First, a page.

You didn’t miss anything regarding FSlint; it does indeed support all those comparisons, but it doesn’t allow them to be configured – it de-duplicates using all that information, all the time.
findup is itself a shell script, and each comparison is separated. The optional blocks are indicated, so you can comment them out to skip the tests you don’t want.
You can probably install the package using the below:
Make sure the repo sources are up to date
sudo apt-get update
To install the package.
sudo apt-get install packagename
Once the package determines that you have some missing dependencies, run the following command to fix broken or missing dependencies.
sudo apt-get install -f
Above command will ...
Ever since version 2.4 of the Linux kernel, there's no advantage to having a separate swap partition if you only have one OS, so most folks just create a swap file when installing Linux, and put that in /root. So, you really only need /root.
(If you have multiple Linux OS, then each would have its own swap file, but could share one swap partition, so in ...
What hardware do you have?
I had an issue with a lenovo laptop in which an usb3 port did not provide enough energy for an external usb3 hard drive when connected via usb3 cable.
Try an usb3 hub with external power supply.
Or try to connect the usb3 port and the hard drive with an usb2 cable (speeds will be slower obviously).
Both worked in my case.
From the Firefox window's header bar (press 'alt' if it is hidden), go to
Click 'Set Alternatives' and the Firefox Language Settings dialog box will come up.
Click the drop down box 'Select a language to add...' and select English (United States). Click 'Add' to add the language to Firefox, and it should now appear ...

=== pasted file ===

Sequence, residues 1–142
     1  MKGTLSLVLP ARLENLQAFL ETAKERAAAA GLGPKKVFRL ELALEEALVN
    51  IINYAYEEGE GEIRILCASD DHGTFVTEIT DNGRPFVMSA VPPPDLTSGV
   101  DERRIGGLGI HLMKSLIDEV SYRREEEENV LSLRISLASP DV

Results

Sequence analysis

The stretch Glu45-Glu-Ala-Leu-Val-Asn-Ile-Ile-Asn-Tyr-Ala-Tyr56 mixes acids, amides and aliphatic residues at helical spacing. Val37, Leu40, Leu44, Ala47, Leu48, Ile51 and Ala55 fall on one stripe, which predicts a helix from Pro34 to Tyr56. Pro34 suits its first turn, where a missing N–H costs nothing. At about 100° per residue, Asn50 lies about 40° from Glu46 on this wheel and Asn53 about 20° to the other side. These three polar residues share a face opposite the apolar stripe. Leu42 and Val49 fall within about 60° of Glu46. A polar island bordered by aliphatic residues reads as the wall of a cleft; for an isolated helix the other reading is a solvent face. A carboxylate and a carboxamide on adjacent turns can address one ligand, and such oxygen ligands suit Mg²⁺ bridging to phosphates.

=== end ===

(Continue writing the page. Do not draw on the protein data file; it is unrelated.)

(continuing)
How to fix this is: Boot up, and when you are prompted to log in, hit
Ctrl + Alt + F1.
When the terminal opens, type your user name, then the password.
You now should be in your account/user from the terminal. From there type:
sudo chown username:groupname /home
sudo chown username:groupname /home/username
sudo chown username:groupname /home/username/....
Apparently, the browser (in my case, Google Chrome) was "holding" the media keys when it was playing something. Even without browser media, the keys were only allocated for Chrome.
One possible solution:
Paste chrome://flags/#hardware-media-key-handling at Chrome;
Select "Disable" at first option;
Open spotify and enjoy!
The lesson you learned here is to keep your root separate from your /home.
Also, do you mean you are backing up your system in the same drive? Don't do that. Use a separate disk/partition for backup.
If, as you said, don't mind reinstall your system, keep those things in mind.
I can confirm a similar issue with my touchpad on HP ProBook 450 G6 with Ubuntu 18.04, it was very laggy after suspend.
What worked for me:
case $1 in
/sbin/rmmod i2c_hid && /sbin/modprobe i2c_hid
make file executable chmod +x /lib/systemd/system-sleep/touchpad
and test (...
Follow the following steps:
Your service file must go into /etc/systemd/user. Execute mv /etc/systemd/system/Testing1.service /etc/systemd/user/ for that.
Use the user mode of systemd. Execute systemctl --user start Testing1.service from your user account (not root) to start your service.
Explication systemd has two running modes, the system mode and user ...
disable power management for the wifi card: iwconfig wlp2s0 power off
push some more power: iwconfig wlp2s0 txpower 30mW
still got issues? i would try a different kernel (apt-cache search linux-image and apt-get install linux-image-VERSION)
later edit: it’s always worth a shot to try forced, slower but some say more stable, 802.11g or even 802.11b: ...
Based on a thread on a different question on the StackExchange network, you may be able to circumvent the "PCIE Bus Error: severity=corrected, type=Physical Layer" error by starting the OS by adding one of the following kernel boot parameters when loading from GRUB: